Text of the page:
The rise of festivals

Blings of Leon on the main stage of Glastonbudget in 2011.

Going to Gigs

Wednesday 11th October 2017 republished on 29th February 2020

Instalment 7

by Trevor Locke

In this issue: How festivals changed the face of live music. We look at some of the festivals that shaped the music scene in Leicester.

Well, it’s been a while. A while since the last issue of Going to Gigs was published. So, the last issue of this column went out on 9th August. So why the long break? Been somewhere nice? Sadly no. What happened in August was that I moved house. I went up in the world. That meant that the Internet got disconnected and then there was a long wait before it was reconnected. So, everything fell apart. The wheels fell off. No worries, back in business now.

Festivals. Where would music be without them? Everybody goes to them. At least once. Some people go several times a year. But when did they start? Who started them? Why did they make such a massive change to the live music scene? These days, over 450 rock music festivals are held in the United Kingdom, each year.

Now, this article is not intended to be the draft Wikipedia entry for this subject. It is simply a brief resume of a much larger work concerned with the history of music in Leicester. The Going To Gigs series of articles on MIL magazine provides shortened versions of much of the material that will form part of the book when it is finished.

Before we dive into the history of Leicester, let’s take a look at the bigger picture. Britain. The 1970s. Music was changing fast. All around the country people were on the move. One group whose movements came under intense scrutiny were the travellers. Not the traditional gipsy folk but those of the new age. A lot of them travelled between festivals; small, often free, events held in fields with no boundary walls and no gates. This is music-making in the raw. Their origins lay in the counter-culture of the 1960s but they grew and started to become prominent in the 1970s and 80s. Old vans, barely roadworthy, lorries, buses, homemade tents, yurts, tipis; it was all about living on a very small budget. Some of these groups went to Stonehenge in Wiltshire for the free festivals that were held there before it became a protected monument. These were held from 1974 to 1984.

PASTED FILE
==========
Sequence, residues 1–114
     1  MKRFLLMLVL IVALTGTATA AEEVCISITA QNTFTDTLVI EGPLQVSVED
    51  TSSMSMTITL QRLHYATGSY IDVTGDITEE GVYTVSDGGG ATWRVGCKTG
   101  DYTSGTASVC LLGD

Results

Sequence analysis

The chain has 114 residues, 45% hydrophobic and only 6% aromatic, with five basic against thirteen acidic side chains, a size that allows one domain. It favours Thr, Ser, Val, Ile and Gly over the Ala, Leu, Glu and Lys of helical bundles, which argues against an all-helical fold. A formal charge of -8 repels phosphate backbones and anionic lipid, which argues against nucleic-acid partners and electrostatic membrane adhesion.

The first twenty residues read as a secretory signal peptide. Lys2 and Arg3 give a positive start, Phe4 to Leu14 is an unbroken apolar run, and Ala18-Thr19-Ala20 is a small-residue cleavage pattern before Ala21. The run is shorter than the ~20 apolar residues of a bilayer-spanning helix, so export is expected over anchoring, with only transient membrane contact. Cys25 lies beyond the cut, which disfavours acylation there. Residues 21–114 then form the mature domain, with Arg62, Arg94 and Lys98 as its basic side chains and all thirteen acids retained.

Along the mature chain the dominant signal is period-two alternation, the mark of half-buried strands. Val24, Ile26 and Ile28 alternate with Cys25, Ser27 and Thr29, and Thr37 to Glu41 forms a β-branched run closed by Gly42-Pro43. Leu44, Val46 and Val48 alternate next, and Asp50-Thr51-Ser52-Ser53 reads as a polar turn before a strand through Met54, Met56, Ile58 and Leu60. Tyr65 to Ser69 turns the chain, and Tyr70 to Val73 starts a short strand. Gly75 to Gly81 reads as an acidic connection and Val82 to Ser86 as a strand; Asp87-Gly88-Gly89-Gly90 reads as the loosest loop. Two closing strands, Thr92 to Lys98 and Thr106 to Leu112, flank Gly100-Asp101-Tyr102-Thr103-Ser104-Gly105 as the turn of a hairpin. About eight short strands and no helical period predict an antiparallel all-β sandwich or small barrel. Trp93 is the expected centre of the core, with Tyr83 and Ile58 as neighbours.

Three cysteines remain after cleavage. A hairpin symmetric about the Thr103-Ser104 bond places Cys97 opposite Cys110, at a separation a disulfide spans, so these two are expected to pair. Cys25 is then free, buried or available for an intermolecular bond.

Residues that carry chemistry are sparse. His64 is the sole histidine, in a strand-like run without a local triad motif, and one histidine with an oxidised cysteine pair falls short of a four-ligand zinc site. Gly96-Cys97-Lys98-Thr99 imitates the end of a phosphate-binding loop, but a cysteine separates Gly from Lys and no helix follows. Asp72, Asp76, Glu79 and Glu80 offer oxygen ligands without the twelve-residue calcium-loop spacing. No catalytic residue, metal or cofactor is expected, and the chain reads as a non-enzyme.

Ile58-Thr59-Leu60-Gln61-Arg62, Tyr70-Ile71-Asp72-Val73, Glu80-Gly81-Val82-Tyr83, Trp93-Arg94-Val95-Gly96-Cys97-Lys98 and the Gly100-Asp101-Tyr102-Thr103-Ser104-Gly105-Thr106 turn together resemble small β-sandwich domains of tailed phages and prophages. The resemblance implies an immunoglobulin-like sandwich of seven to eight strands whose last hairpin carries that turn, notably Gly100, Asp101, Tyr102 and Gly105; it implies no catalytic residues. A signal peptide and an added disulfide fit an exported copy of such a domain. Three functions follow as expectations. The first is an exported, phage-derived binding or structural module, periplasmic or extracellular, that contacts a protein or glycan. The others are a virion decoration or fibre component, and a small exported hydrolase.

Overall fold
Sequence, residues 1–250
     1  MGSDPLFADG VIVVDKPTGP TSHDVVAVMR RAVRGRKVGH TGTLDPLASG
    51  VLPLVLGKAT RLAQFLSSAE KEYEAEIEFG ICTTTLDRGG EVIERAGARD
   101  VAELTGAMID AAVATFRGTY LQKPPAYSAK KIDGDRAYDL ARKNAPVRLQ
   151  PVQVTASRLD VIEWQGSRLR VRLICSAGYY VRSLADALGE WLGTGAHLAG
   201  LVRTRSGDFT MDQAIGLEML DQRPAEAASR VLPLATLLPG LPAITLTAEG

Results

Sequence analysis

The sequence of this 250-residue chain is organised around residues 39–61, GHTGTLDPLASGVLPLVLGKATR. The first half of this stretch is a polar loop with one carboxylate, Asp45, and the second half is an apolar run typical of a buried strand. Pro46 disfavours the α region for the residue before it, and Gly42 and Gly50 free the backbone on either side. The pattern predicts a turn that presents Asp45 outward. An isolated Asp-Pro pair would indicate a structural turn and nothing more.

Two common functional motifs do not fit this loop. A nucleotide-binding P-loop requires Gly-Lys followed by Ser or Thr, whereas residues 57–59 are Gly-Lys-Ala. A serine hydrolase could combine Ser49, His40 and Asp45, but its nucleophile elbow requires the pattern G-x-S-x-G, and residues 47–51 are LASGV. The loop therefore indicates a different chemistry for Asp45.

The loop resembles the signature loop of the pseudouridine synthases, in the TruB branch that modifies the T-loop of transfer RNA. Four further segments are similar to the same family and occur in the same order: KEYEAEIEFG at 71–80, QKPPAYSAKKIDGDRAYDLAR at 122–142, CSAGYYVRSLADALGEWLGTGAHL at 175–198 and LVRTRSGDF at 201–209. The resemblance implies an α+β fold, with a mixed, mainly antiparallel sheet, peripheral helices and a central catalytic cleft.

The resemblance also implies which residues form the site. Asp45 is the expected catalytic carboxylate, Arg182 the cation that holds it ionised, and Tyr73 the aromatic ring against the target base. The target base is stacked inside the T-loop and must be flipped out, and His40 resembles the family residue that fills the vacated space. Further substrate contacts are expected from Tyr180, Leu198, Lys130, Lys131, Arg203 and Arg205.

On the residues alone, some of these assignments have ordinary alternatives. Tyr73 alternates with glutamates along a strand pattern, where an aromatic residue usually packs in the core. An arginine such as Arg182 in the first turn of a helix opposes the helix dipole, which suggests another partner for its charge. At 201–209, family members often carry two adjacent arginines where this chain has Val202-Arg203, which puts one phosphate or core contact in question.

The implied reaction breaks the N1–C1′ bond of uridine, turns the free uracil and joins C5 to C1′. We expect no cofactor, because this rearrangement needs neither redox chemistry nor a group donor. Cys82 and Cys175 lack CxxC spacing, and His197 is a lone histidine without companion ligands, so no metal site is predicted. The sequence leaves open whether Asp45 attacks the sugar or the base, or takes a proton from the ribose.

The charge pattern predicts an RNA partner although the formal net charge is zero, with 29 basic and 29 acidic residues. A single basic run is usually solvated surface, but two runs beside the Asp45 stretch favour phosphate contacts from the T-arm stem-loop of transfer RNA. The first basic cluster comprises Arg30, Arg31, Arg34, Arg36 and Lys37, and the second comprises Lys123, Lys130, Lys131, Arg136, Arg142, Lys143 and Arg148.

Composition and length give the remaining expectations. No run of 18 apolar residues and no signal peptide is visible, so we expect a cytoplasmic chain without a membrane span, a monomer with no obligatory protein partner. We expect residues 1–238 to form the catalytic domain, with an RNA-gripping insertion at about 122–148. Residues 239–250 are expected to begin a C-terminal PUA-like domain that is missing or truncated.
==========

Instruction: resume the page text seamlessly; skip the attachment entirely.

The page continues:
Blings of Leon on the main stage of Glastonbudget in 2011.

But if you think festivals were invented in the twentieth century, you would be mistaken. In fact, large outdoor-events that attracted big crowds and invariably involved some kind of music, dating back to ancient times. The ancient Greeks, of the sixth century BC, were big festival-goers. In Delphi, the Pythian Games drew people from far and wide to enjoy sport and a bit of music. In medieval times, in this country, local fairs attracted a lot of people and music-making was a feature of these important local events. In the Victorian period, most music was performed indoors and concert halls took over from the public houses as the main venues for live music.

In England, the Reading festival dates back to 1961. Back then it was all about jazz and blues. Leeds was added by the organisers in 1999 and by this time rock was the dominant genre. The Isle of Wight festival was another event to have started in 1968. Glastonbury started a couple of years later in 1970. The first festival called Download got going in 2003. From 1979 to 1996, Donington was the location of the Monsters of Rock festivals. The events featured hard rock and heavy metal. Over 35,000 fans attended the first festival to hear a lineup of UK and international bands.

Great Imitation at the Strawberry Fields Festival in 2011.

Why are music festivals so popular?

When it comes to rock festivals everyone had their own story to tell. For me, my first festival was a life-changing experience. I went to my first music festival in 2001 when I attended Reading. It was an experience that changed my life. If it were not for that one unique experience of spending four days in the presence of tens of thousands of other people, all of whom shared a common love for the music that brought them there, and the bands whose music we loved, I would probably not be writing this article now. A little later I wrote:

Having just returned from three days in a field, I thought this might be a good time to ponder on the meaning of the festivals experience. Why do so many people love that experience of gathering together in the open air to listen to music that most of them would have heard before? What is it that makes listening to music quite different from listening to it at home with a pair of ear-phones or standing in the comparative comfort of a venue? Most of the bands I saw over the past three days I knew well. I have seen pretty much most of them playing live and in some cases, more than once. I have heard their tracks, listened to their CDs and watch the films on YouTube. So why bother going to a field, braving the cold, wind and rain (or even the burning sun) to see them?